* Markets cautious that euro strength may concern ECB
* Could dip further before ECB meeting on Thursday
* But broader trend for further gains intact
* Yen remains weak, earlier hit 33-month low vs dollar
By Jessica Mortimer
LONDON, Feb 6 The euro slipped on Wednesday,
with traders taking more cautious positions ahead of the
European Central Bank meeting in case its president Mario Draghi
expresses concern about the high level of the euro.
However, most analysts believe Draghi will avoid commenting
on the currency, instead cautiously recognising the improvement
in the euro zone outlook and in market sentiment while
acknowledging the region still faces many hurdles.
Traders said the euro was likely to be sold on any rallies
ahead of Thursday's ECB meeting, but it could resume its recent
The euro was down 0.4 percent at $1.3526, edging away
from last week's 14-month high of $1.3711, with political
uncertainty in Spain and Italy also weighing.
Against the yen the euro was down 0.3 percent at 126.75 yen
, off a 34-month peak of 127.71 yen hit in Asian
trade, with the yen remaining under selling pressure on
expectations of aggressive monetary easing in Japan.
French President Francois Hollande called on Tuesday for a
target exchange rate to protect the currency from "irrational
movements", although the idea ran into immediate opposition from
The ECB is expected to leave interest rates on hold on
Thursday and the focus will be on Draghi's subsequent news
"The market is a bit nervous ahead of the ECB meeting ...
people would like to know what the ECB's position is as regards
Hollande's comments," said Antje Praefcke, currency strategist
at Commerzbank in Frankfurt.
She said she expected Draghi to be cautious and avoid
commenting directly on the currency, although he was likely to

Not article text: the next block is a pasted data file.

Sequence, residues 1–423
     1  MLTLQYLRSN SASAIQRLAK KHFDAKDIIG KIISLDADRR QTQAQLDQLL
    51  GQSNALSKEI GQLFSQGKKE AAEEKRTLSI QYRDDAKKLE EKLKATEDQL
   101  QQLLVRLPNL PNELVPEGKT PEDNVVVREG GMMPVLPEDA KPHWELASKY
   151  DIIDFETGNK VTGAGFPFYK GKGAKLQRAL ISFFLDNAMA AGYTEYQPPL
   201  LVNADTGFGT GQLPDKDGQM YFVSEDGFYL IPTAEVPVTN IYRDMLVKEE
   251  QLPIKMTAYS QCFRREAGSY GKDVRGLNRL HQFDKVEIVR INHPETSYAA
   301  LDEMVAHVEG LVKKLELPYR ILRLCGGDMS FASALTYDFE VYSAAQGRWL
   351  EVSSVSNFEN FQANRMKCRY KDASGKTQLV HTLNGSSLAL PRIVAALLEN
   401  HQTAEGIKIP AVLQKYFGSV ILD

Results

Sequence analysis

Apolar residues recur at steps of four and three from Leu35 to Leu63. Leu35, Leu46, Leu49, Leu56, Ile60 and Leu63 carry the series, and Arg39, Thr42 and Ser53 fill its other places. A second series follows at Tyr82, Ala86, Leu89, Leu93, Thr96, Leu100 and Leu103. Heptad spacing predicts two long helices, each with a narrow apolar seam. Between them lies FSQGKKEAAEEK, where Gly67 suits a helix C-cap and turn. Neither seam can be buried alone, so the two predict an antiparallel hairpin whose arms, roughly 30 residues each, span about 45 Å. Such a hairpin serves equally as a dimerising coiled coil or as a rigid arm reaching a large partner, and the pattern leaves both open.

face questions about it. If Draghi did comment on the
potentially harmful impact of a stronger euro, however, it could
be seen by the market as a kind of verbal intervention.
Analysts at Deutsche Bank recommended clients take profit on
long euro positions at this point. They said they were "turning
more neutral" on euro/dollar, though they still expect a
$1.35-$1.40 range for the rest of the first quarter.
The euro's trade-weighted index has risen 3
percent since early January, but analysts still see scope for
more, albeit more gradual, gains.
"The next target is $1.36 and then $1.38 when the euro
should run out of steam. I think $1.40 is a bit too far,
especially given the political problems that have already
arisen," Commerzbank's Praefcke said.
Banks have been repaying the ECB's ultra-cheap three-year
loans which has acted as an effective tightening of euro zone
monetary policy at a time when the U.S. Federal Reserve and the
Bank of Japan are expanding their balance sheets.
The dollar last up 0.15 percent on the day at 93.76 against
the yen, just below a 33-month peak of 94.075 hit in
Asian trade. Traders reported hedging-related demand and buying
by longer-term investors, with supporting bids at 93.50 yen.
News on Tuesday that current Bank of Japan Governor Masaaki
Shirakawa will step down three weeks earlier than planned
spurred the latest bout of yen selling.
Japanese Prime Minister Shinzo Abe, who has put the BOJ
under pressure to do more to spur the economy, has made it clear
he wants a governor who will be bold in easing monetary policy.
"As far as Japan is concerned they are exceeding market
expectations with the pace of policy implementation and that's
going to keep the yen under pressure," said Ian Stannard,
European head of FX strategy at Morgan Stanley.
He said Morgan Stanley's first quarter forecast of 95 yen
was likely to be exceeded, and a test of 98 to 100 yen was now
Trends in FX options reflected widespread expectations of
more yen weakness. Implied volatility on one-month dollar/yen
options - a measure of expected price movements - rose above 13
percent to hit its highest since August 2011.